The article below originally appeared in the June 2015 edition of Warrandyte Diary. Click here to view/download the original article in pdf format.
Lara writes for the Warrandyte Diary on food-related matters. Other recent articles (in pdf format) include:
- ‘Food is Free’ initiative at The Rotary Club of Warrandyte Donvale Op Shop.
- J.B. Shackleton’s – World champion marmalade maker from Wonga Park.
Allegations aired by the ABCs Four Corners program last month of virtual slave labour on Australian farms have prompted four local families to see if it is possible to eat locally, ethically and as direct from the farmers as possible. All expected to eat better, fresher produce – but it was the connection the families felt that took everyone by surprise, as LARA McKINLEY reports.
It was day three into our week-long challenge to eat locally. It was a mad, crazy thing to do and I’d been researching my little socks off just to get food on the table. My family were having dinner. It was all smiles – with a family of five that’s the first miracle – then it got better: My son Billy said, “Tell us the story of the food.” And just like that we had shifted from anonymous supermarket shopping to something more connected and authentic; our second little miracle.
We had caught the fish from the Buxton Trout Farm that afternoon. There was a roast veggie salad from Stu and Luna’s farm up at Gladysdale, topped with Anna’s to-die-for fresh feta from Coldstream Dairy.
The greens were from Fiona’s veggie patch down the road (traded for lemons) and our big tray of roast potatoes came from Joe’s place up in Gembrook (say hi next time you see him at Eltham Farmers’ Market or Warrandyte Community Market). It was all dressed with David’s Arthur’s Creek olive oil and rosemary from our garden.
This list seems alarmingly long even as I write it and uncharacteristically posh – but really the effort was no more than a trip to the local Farmers’ Market and a lovely family day out.
And the food – because it was bang on season – wasn’t much more expensive than the standard super-market fare. The bonus was we were supporting local producers – people we’d met and chatted to – and it felt really good. It tasted even better.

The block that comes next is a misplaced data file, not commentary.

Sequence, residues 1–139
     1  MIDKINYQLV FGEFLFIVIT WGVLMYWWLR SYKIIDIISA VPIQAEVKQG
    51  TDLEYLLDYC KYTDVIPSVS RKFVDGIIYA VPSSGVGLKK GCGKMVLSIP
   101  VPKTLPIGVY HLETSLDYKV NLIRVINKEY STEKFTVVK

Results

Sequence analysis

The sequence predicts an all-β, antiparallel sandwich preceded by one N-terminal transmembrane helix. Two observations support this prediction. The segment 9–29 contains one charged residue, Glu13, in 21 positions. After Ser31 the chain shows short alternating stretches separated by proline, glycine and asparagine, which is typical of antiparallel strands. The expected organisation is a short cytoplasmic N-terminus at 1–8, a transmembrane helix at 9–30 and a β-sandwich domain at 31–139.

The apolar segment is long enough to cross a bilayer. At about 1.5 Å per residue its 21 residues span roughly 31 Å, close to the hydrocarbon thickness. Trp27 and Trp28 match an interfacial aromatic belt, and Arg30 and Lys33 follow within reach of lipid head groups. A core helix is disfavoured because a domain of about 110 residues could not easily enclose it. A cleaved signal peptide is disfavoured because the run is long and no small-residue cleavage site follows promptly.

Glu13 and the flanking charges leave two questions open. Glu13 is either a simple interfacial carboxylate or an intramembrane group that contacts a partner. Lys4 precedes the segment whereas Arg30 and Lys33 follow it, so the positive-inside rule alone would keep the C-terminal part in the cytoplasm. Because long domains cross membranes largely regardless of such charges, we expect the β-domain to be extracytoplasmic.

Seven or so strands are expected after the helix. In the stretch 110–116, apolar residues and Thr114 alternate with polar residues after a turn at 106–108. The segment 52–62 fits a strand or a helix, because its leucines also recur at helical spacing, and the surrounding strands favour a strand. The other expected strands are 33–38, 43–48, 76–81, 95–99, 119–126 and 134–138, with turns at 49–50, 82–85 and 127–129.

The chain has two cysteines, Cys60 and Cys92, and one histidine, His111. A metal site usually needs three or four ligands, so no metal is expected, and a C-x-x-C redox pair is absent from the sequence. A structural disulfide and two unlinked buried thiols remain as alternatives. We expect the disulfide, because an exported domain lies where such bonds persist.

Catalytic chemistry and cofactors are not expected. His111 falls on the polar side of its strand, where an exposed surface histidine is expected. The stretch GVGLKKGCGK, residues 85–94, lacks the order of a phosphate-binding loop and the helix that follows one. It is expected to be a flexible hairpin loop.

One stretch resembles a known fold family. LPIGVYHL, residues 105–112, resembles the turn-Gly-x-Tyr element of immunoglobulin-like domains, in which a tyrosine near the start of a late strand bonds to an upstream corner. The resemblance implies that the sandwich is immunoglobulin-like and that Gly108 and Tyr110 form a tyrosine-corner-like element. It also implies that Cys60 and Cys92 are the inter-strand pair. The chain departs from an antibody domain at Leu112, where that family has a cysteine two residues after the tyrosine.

It was that sense of connection that Sophie Whitwell, her family Ada, Betsy and husband Nick were hungry for when they volunteered for the Diary eat local challenge. As a busy working mum, Sophie said she felt uneasy she had opted for the convenience of supermarket shop-ping and easy-to-prepare meals; that she had lost the joy in food.
“A part of me was really upset by that; that life didn’t allow [time] to prepare soulful, soul food.
“But I have an internal battle about it. It’s time consuming and I am very budget conscious. Just how sustainable is this in the long-term?”
Sophie said the beginning of the week was a whirl-wind of preparations and research.
“You couldn’t just go into a shop and buy whatever. You really had to ask where your food was coming from. It made me stop and think.” Her first point-of-call was Liane Hensell at Organic Origins. They are based out of South Warrandyte and have an on-line home delivery service for fresh produce. Delivery to Warrandyte is free.
“Liane was amazing,” Sophie said. “I explained the challenge and she offered to put together a 100 mile box. To come home and see that box, brimming with colour and fresh veggies was a life-saver.”
Liane said it was easy to put together. “We know all our suppliers and exactly where our food comes from. [Eating local] is a great initiative and it’s helped us look at the little things we were doing, like where we get our milk from.”
Annette Lion and her family were already well set-up for the challenge. They had a flourishing veggie patch and were committed to cooking most of their food from scratch. She said she spent a long time studying labels, trying to drill down to find the origin of their food.
“I do struggle with the idea: is local, conventional produce better than buying organic?” Annette told the Diary. “What’s the priority – getting down food miles or reducing chemical use? It’s a huge, huge topic.
“This isn’t a one-off week for me. It’s going to be a continuous change.” As a vegetarian, Annette found it challenging to find locally-grown grain and pulses – the nearest source was Mount Zero, near the Grampians. It’s sold at the Aumann’s Family Orchard shop in Warrandyte, but grown more than 300kms away. Supplementing her veggie patch proved easier, with an order direct from Stu and Luna at Little Feet Farm in Gladysdale, south-east of Launching Place. I’d met Stu the previous week at the Eltham Farmers’ Market and he’d invited me to check out their farm. The couple are part of a new-generation of farmers: first-time growers passionate about developing sustainable permaculture-inspired small-scale agriculture. Their property is about 45 minutes from Warrandyte surrounded by mountain ash and peppermint trees. It’s a tiny plot by modern standards —just 3/4 of an acre is under cultivation. When I arrived, Luna was planting garlic. “It’s amazing how much you can grow. With this land, we figure we can feed 50 families for six to seven months of the year. We are aiming for nine months next year,” she said.